• Areal Flood Warning - General or areal flooding of streets, low-lying areas, urban storm drains, creeks, and small streams is occurring, imminent, or highly likely. Flood warnings are usually issued for flooding that occurs more than six hours after the excessive rainfall, or when flooding is imminent/occurring but is not rapid enough to prompt a flash flood warning. These warnings are issued on a polygonal basis by the local Weather Forecast Office and are generally in effect for six to twelve hours.[23]
  • River Flood Advisory - Streams or rivers reaching action stage is occurring, imminent, or highly likely. These advisories are issued on a county by county basis by the local Weather Forecast Office and are generally in effect for a couple of days or longer.
  • Areal Flood Advisory - Minor general or areal flooding of streets, low-lying areas, urban storm drains, creeks, and small streams is occurring, imminent, or highly likely. These advisories are issued on a polygonal basis by the local Weather Forecast Office and are generally in effect for three to six hours.
  • Urban and small stream flood advisory - Another form of the areal flood advisory, where ponding of water of streets, low-lying areas, highways, underpasses, urban storm drains, and elevation of creek and small stream levels is occurring or imminent. Urban and small stream flood advisories are issued for flooding that occurs within three hours after the excessive rainfall. These advisories are issued on a polygon basis by the local Weather Forecast Office and are generally in effect for three to four hours (however, the polygon does not appear on the NWS website).[24]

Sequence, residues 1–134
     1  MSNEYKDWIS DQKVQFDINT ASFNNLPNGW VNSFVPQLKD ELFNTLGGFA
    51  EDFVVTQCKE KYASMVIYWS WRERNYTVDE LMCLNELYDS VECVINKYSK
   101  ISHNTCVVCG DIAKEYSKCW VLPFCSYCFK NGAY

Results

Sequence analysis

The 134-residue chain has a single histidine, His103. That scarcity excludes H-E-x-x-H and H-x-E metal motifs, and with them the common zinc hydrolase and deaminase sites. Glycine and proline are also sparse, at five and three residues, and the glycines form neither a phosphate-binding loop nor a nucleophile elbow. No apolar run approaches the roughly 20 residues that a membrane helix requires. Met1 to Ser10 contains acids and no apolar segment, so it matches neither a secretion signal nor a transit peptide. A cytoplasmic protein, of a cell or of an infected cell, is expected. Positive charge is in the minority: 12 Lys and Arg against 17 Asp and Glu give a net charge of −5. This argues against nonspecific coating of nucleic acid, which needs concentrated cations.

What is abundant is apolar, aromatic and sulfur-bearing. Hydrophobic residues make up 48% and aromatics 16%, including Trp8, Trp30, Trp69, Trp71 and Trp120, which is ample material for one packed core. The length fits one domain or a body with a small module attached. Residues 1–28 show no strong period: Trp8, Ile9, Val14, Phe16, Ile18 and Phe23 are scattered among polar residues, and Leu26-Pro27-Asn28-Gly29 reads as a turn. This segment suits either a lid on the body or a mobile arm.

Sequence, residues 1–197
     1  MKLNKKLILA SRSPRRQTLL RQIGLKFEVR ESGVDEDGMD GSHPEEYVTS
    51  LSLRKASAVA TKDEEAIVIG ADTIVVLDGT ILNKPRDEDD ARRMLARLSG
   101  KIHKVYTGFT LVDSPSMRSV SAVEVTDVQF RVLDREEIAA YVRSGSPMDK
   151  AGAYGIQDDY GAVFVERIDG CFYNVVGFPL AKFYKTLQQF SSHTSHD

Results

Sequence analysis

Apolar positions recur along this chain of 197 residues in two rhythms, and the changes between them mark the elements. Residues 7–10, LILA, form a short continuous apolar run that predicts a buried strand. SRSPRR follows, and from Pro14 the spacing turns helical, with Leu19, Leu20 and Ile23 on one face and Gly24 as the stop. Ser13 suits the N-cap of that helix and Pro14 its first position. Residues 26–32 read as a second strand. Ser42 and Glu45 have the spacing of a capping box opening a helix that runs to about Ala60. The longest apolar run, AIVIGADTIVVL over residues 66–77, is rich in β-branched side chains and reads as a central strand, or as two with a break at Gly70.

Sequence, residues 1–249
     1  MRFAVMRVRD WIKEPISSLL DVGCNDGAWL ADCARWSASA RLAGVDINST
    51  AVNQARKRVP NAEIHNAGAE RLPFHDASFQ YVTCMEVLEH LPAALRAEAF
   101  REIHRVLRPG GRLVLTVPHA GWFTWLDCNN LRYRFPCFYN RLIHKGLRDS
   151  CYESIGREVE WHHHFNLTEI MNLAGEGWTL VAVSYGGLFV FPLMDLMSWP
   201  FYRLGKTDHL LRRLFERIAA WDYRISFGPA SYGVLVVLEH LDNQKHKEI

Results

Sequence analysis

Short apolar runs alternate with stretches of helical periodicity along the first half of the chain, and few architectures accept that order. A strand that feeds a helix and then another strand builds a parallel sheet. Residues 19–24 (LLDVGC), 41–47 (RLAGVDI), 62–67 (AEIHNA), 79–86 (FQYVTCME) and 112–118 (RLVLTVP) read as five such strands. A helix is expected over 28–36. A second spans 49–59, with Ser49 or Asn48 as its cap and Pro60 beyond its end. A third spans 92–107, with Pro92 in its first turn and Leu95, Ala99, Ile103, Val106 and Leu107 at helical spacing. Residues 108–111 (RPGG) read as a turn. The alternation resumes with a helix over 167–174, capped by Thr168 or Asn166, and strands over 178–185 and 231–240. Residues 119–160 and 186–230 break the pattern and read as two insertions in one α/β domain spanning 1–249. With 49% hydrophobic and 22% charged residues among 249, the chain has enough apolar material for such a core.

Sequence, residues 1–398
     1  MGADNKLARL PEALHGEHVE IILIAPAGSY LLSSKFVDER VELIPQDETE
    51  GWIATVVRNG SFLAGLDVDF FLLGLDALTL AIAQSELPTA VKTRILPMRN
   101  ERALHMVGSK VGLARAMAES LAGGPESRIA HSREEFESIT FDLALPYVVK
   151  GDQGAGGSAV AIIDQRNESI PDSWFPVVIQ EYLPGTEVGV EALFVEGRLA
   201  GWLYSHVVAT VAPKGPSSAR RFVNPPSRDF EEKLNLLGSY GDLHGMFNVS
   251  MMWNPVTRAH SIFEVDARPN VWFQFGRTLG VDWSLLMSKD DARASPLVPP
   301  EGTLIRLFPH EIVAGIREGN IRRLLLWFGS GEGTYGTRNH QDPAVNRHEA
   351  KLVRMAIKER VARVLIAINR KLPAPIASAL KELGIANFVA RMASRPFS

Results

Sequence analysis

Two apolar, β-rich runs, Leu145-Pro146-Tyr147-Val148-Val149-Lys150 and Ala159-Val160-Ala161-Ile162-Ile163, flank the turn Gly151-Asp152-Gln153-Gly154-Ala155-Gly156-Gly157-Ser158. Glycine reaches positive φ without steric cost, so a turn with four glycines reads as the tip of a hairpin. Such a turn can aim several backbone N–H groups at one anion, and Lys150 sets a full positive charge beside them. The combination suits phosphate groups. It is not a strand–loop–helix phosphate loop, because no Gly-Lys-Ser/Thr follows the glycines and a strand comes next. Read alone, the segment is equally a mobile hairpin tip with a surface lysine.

Coastal/Lakeshore Hazards[edit]

  • Coastal Flood Warning - Coastal flooding that is occurring or is imminent in the next 12 hours, which poses a serious threat to life and/or property.
  • Coastal Flood Watch - Coastal flooding that is possible in the next 24 hours, which would pose a serious threat to life and/or property.
  • Coastal Flood Advisory - Minor coastal flooding that is occurring or is imminent in the next 12 hours, which poses a threat to life and/or property.
  • Storm Surge Warning (proposed) - Localized heavy flooding due to a tropical cyclone's storm surge.[25]
  • Lakeshore Flood Warning - Lakeshore flooding that is occurring or is imminent in the next 12 hours, which poses a serious threat to life and/or property.
    Seiche Warning - Rapid, large fluctuations in water level in the Great Lakes (similar to the sloshing in a bath tub) caused by storms or high winds, resulting in both lakeshore flooding and critically low water levels at different times. Issued as a Lakeshore Flood Warning with mention of being a Seiche Warning.
  • Lakeshore Flood Watch - Lakeshore flooding that is possible in the next 24 hours, which would pose a serious threat to life and/or property.